Giving states the funding they need to offer child care assistance to hundreds of thousands of children who are currently on waiting lists.

Meeting the needs of underserved children, such as English language learners, children with developmental disabilities and other special needs, children living in very poor communities and children in rural areas, to ensure we reach children most in need of high quality child care.
 

·        Ensuring states will visit and monitor child care providers on an announced as well as an unannounced basis every year.

·        Requiring child care providers who are licensed or registered to participate in 40 hours of training before they work with children as well as 24 hours on an ongoing annual basis. 

Expanding parents’ access to high quality child care opportunities by requiring states to pay child care providers at least the 75th percentile of market rates (the rate that gives parents access to 75 percent of the providers in their communities) based on the actual and current costs of care, and encouraging states to exceed this rate for special populations of children with greater needs.
 

Improving access to high quality care for infants and toddlers by setting aside 30 percent of the bill’s funding for this underserved group of children.   
 

·        Encouraging more states to adopt quality rating provisions that a number have already adopted to support child care providers seeking to improve the quality of their programs.  Quality Rating Improvement Systems (QRIS) such as the successful Pennsylvania STARS program give providers benchmarks as well as resources to continually improve the quality of their care.

 

·        Increasing funding for state quality improvement initiatives such as:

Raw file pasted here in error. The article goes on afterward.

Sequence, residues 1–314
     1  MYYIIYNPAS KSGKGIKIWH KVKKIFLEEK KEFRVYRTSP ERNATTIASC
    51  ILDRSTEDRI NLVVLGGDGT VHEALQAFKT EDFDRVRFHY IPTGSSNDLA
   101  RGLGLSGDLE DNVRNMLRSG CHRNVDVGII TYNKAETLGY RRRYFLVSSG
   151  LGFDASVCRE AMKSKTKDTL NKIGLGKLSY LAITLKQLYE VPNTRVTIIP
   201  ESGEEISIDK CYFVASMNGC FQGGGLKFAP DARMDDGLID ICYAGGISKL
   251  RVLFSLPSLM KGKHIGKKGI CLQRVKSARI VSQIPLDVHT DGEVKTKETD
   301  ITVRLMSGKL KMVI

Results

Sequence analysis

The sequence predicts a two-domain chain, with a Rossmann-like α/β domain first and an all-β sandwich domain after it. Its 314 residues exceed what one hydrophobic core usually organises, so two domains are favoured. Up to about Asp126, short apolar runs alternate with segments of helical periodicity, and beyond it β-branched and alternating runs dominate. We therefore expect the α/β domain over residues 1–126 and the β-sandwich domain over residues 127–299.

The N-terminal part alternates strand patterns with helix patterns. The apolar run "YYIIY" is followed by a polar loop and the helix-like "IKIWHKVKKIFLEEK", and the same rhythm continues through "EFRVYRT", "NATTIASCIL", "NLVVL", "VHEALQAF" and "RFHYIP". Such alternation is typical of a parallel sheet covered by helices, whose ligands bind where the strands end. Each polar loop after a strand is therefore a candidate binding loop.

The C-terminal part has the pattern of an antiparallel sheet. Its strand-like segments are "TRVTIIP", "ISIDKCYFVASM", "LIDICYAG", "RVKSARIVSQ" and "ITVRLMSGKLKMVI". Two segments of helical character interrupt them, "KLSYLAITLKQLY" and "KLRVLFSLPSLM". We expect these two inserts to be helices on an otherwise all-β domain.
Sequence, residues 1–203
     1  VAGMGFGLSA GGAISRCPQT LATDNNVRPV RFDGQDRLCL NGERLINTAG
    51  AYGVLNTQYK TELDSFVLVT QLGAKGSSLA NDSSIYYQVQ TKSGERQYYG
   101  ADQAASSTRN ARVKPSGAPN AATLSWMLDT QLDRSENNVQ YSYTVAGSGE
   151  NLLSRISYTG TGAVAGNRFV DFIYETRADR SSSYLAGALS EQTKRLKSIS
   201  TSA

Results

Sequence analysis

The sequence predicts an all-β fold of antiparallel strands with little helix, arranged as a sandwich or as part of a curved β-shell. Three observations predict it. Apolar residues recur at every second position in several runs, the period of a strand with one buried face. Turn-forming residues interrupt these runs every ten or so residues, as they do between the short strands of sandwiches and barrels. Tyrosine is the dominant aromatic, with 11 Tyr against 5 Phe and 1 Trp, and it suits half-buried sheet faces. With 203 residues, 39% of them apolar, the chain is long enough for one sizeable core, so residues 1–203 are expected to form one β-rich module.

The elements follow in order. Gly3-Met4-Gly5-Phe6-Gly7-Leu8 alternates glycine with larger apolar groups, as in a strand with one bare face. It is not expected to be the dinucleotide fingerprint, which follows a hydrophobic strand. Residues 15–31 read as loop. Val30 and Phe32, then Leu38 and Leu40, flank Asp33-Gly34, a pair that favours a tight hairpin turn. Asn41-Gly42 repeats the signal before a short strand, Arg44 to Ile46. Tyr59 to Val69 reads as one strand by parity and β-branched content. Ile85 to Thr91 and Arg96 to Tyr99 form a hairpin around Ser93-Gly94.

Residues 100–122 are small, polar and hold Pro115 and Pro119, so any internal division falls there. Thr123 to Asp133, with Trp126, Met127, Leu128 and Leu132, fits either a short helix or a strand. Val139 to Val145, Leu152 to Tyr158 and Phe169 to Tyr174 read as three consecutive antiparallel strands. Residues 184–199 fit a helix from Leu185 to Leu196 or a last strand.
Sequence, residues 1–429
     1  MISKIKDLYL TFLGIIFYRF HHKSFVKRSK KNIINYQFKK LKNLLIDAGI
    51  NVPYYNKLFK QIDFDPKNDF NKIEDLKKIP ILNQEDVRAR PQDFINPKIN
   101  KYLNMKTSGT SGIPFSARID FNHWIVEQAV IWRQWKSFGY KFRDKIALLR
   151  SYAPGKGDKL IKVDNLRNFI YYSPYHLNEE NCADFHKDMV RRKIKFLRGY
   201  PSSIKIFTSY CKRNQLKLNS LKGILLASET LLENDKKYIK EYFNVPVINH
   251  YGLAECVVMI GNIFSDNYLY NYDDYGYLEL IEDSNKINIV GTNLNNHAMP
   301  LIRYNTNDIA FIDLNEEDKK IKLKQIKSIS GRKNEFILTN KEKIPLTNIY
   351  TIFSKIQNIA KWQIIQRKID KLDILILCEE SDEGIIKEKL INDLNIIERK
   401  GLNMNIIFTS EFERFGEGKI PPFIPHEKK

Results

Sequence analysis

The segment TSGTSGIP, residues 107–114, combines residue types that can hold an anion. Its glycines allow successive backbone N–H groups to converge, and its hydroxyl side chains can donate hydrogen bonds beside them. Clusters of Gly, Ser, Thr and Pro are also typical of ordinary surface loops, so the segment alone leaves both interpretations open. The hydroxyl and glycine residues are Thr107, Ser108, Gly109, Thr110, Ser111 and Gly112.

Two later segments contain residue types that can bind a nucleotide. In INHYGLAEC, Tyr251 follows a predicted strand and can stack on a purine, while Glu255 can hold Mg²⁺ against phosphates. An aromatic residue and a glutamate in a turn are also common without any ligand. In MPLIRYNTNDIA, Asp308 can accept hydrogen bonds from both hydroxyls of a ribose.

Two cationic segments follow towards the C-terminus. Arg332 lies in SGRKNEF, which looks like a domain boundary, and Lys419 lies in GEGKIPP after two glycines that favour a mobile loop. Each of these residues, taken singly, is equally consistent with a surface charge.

o       Training and education for providers linked to increased compensation;

o       Resource and referral systems that can help families find care that meets their needs and supports their community’s child care providers;

o       Grants to providers to help them meet licensing requirements and improve the quality of their settings.

 

Why do America’s children and working families need the Starting Early, Starting Right Act?

Research shows that high-quality child care helps low-income children enter school ready to succeed. One study found that children who had enrolled in high-quality child care demonstrated greater mathematical ability and thinking and attention skills, and experienced fewer behavior problems than other children in second grade. Effects were particularly strong for low-income children. 

Other studies have demonstrated that low-income children who enrolled in high-quality early care and education programs score higher on reading, vocabulary, math, and cognitive tests, are less likely to be held back a grade, are less likely to be arrested as youths, and are more likely to attend college than their peers who did not enroll in such programs.

Single mothers who receive child care assistance are 39 percent more likely to remain employed after two years than those who do not receive assistance in paying for child care.  Former welfare recipients with young children are 82 percent more likely to be employed after two years if they receive child care assistance.

Child care develops America’s potential. Child care helps children, families and communities prosper.  Children in high quality child care programs learn and develop skills they need to succeed in school and in life.  Child care is a basic that helps families get ahead by giving parents the support and peace of mind they need to be productive at work.  And child care helps our nation stay competitive with a stronger work force now and in the future.  When America supports high quality child care, we encourage children, families and our nation to reach their full potential.